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US-based banks face losses as personal loans decline continues

Thursday 3 September 2020 14:25 CET | News

Data and analytics company GlobalData has observed that US-based banks continue to face severe loses as they experience low net interest margins and falling fee income. 

This comes as reduced consumer spending leads to declines in personal and credit card loans. The total value of US personal loans is set to decline by 7.7% in 2020 from a pre-COVID forecast of 3.7% growth. As retail banks liquidity has been stretched, approvals for new personal loans and credit card loans and balances have been tightened. The economic uncertainty of the times and stringent new lending conditions imposed by the banks have made consumers more cautious about taking on additional liabilities. Consequently, despite low credit rates, personal loan applications have fallen.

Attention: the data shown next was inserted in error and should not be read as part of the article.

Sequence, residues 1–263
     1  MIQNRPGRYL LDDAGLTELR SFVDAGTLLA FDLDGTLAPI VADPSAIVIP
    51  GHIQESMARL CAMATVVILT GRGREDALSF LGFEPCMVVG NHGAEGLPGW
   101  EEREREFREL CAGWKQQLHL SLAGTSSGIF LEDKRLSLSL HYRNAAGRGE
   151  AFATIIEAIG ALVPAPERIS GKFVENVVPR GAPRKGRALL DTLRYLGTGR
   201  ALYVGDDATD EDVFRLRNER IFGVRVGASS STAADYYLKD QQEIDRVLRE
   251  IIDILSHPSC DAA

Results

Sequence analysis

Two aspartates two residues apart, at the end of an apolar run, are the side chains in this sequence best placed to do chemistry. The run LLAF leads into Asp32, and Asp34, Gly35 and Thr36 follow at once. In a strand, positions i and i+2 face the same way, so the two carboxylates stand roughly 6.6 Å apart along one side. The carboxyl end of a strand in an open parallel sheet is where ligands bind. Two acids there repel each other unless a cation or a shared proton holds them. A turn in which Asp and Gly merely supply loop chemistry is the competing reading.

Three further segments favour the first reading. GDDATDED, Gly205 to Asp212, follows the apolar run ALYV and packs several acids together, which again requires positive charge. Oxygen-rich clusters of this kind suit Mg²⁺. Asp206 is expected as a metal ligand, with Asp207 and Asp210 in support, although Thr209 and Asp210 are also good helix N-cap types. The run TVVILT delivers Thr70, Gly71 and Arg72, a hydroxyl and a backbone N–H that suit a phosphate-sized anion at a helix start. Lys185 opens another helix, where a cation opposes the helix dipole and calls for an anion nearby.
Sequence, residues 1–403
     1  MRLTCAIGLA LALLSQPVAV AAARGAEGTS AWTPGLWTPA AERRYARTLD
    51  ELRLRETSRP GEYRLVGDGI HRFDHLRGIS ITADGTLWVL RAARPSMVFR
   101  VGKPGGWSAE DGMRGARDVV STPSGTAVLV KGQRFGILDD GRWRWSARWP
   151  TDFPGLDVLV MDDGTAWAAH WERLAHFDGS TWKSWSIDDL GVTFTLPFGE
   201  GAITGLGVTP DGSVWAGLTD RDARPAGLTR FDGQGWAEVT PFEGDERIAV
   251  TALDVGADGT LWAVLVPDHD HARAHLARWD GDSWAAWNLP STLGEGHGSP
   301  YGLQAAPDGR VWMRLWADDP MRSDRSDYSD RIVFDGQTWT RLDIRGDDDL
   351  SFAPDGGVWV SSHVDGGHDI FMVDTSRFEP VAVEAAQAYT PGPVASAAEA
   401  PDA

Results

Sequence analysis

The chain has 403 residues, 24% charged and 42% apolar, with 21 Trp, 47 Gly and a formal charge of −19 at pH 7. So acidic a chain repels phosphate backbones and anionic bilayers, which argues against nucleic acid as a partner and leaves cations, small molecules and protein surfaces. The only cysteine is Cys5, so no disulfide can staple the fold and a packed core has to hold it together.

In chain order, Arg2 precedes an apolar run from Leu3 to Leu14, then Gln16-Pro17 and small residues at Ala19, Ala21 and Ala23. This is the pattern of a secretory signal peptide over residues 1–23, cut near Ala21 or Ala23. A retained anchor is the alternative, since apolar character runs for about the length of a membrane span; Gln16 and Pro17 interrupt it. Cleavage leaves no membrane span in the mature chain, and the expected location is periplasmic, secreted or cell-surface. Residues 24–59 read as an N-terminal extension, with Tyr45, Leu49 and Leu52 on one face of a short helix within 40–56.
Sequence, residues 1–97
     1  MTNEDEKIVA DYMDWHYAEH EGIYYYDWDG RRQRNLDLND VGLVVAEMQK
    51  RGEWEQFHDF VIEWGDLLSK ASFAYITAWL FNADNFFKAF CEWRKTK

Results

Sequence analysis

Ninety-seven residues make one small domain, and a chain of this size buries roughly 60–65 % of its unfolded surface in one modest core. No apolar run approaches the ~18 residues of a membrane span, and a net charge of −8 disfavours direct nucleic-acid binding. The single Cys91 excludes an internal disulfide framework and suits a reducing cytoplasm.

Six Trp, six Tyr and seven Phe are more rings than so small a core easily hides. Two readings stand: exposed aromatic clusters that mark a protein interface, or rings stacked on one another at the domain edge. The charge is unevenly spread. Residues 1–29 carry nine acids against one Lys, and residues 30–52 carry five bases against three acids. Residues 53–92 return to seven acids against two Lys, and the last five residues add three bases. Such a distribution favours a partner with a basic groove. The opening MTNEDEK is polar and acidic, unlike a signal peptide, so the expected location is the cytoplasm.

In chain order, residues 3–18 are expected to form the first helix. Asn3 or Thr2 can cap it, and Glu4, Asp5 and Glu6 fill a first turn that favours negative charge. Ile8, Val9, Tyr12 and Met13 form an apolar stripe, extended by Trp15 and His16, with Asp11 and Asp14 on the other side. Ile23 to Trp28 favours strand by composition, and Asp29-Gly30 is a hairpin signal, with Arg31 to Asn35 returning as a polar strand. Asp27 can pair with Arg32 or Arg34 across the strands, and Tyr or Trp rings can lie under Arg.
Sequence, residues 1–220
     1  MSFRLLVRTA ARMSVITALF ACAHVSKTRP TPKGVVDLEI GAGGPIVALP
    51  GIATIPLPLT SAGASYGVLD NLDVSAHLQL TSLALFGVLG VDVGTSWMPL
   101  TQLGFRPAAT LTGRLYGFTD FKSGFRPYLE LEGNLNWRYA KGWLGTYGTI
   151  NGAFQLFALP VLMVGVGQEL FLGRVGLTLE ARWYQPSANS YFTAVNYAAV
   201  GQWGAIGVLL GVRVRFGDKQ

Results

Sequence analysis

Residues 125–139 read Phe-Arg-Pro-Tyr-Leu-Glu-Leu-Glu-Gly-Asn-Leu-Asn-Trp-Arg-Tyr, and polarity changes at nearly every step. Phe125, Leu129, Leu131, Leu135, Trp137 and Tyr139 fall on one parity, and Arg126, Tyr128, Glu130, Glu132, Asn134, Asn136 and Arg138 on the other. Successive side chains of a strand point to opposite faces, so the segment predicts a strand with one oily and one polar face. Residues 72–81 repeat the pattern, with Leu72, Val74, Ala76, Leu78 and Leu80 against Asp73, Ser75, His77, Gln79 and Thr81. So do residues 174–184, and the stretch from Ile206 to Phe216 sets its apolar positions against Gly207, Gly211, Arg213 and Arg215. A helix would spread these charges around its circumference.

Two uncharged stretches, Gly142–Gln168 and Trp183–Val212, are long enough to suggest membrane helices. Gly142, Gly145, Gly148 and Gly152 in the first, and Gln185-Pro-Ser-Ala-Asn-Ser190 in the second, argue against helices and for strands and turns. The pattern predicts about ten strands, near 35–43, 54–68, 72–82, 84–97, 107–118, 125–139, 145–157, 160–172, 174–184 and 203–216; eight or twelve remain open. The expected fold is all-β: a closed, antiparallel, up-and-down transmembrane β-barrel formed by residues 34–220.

According to GlobalData staff, the pandemic will lead to a rise in credit card transactions as cash usage declines, however, growth will be hampered by reduced consumer spending. The information is based on GlobalData’s report ‘Covid-19 Sector Impact: Retail Banking – The US’, as stated by the official press release.

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Keywords: US, banks, losses, personal loans, net interest margins, fee income, covid, consumer spending, credit card loans, retail banking, liquidity, low credit rates
Categories: Banking & Fintech | Payments General
Countries: United States
This article is part of category

Banking & Fintech